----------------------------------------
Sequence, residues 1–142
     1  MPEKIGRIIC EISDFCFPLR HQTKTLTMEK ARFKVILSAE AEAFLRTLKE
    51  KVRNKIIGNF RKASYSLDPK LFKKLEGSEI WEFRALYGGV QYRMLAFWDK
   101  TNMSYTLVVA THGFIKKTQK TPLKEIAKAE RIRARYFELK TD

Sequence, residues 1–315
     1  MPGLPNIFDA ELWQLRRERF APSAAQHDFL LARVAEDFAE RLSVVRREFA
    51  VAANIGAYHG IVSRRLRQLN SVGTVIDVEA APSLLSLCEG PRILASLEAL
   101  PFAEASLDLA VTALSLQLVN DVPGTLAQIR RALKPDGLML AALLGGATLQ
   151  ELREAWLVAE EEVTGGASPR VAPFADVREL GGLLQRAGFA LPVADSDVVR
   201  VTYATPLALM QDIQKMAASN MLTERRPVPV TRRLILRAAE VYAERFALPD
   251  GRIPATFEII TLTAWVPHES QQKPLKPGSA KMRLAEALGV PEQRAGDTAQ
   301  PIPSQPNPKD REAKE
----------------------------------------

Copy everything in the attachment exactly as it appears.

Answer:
Sequence, residues 1–142
     1  MPEKIGRIIC EISDFCFPLR HQTKTLTMEK ARFKVILSAE AEAFLRTLKE
    51  KVRNKIIGNF RKASYSLDPK LFKKLEGSEI WEFRALYGGV QYRMLAFWDK
   101  TNMSYTLVVA THGFIKKTQK TPLKEIAKAE RIRARYFELK TD

Sequence, residues 1–315
     1  MPGLPNIFDA ELWQLRRERF APSAAQHDFL LARVAEDFAE RLSVVRREFA
    51  VAANIGAYHG IVSRRLRQLN SVGTVIDVEA APSLLSLCEG PRILASLEAL
   101  PFAEASLDLA VTALSLQLVN DVPGTLAQIR RALKPDGLML AALLGGATLQ
   151  ELREAWLVAE EEVTGGASPR VAPFADVREL GGLLQRAGFA LPVADSDVVR
   201  VTYATPLALM QDIQKMAASN MLTERRPVPV TRRLILRAAE VYAERFALPD
   251  GRIPATFEII TLTAWVPHES QQKPLKPGSA KMRLAEALGV PEQRAGDTAQ
   301  PIPSQPNPKD REAKE